City, University of London – Teaching & Computer Labs – Drysdale Building Project


City, University of London, a leading educational institution committed to academic excellence, have recently invested nearly £200 million in research, academic staff, information systems and infrastructure and estates.

Due to a larger than predicted period of growth, City were starting to see a shortfall of space within the University and were undertaking several renovation and construction projects to combat the issue. One of the larger projects was the refurbishment of the Drysdale Building to help provide more opportunities for students by increasing and updating the University’s learning facilities.

The Brief

Having identified the Drysdale project in its early stages, TOP-TEC approached Guido de Koning, Senior Project Manager at City, University of London, to propose a range of technical furniture solutions for a series of new learning and IT labs.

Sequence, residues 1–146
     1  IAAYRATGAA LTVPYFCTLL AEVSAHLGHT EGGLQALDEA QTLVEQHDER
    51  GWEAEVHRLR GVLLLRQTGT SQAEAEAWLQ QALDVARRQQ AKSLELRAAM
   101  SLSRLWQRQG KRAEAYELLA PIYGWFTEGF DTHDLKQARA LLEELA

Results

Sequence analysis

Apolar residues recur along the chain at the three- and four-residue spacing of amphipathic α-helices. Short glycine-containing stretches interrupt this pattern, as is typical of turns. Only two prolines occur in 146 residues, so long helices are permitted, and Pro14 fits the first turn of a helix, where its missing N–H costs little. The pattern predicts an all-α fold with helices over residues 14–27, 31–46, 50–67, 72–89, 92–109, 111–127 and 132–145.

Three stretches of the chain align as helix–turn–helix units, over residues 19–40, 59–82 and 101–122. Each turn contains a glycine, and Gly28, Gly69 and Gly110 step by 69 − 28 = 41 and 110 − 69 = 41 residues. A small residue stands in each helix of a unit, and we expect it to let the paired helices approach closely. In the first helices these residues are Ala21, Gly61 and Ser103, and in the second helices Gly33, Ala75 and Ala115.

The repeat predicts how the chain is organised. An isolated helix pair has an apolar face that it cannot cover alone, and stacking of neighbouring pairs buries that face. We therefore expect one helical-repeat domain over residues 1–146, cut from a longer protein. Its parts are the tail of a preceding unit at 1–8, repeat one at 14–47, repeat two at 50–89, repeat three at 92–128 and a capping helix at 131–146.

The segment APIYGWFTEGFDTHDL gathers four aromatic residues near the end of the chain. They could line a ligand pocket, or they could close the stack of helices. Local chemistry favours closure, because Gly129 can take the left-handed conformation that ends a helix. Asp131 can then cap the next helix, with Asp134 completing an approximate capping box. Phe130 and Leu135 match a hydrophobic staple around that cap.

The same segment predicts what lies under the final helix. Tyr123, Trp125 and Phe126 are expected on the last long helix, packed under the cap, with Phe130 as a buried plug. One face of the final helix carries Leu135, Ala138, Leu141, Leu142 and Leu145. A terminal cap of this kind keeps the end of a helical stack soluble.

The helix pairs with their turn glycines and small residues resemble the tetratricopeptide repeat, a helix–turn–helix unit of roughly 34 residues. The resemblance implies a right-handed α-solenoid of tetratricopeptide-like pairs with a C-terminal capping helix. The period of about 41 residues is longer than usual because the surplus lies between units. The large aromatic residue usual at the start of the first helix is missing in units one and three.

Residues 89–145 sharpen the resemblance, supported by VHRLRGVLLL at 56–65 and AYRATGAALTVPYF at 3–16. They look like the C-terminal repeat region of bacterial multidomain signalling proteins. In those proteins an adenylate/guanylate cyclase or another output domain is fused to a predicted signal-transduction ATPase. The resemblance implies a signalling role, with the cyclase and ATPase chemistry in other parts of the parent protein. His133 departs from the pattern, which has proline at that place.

The overall objective was to update and enhance the University’s IT facilities and increase the number of open access PC workstations available to students. The current installations were either out-of-date or had not been ergonomically designed, therefore needed regular maintenance. The renovated spaces would also have to account for the anticipated future growth in the University.

TOP-TEC were tasked with providing workspaces for up to 300 students in multiple new teaching and computer labs split over two floors. The ground floor consisted of five teaching labs separated by pillars throughout the space.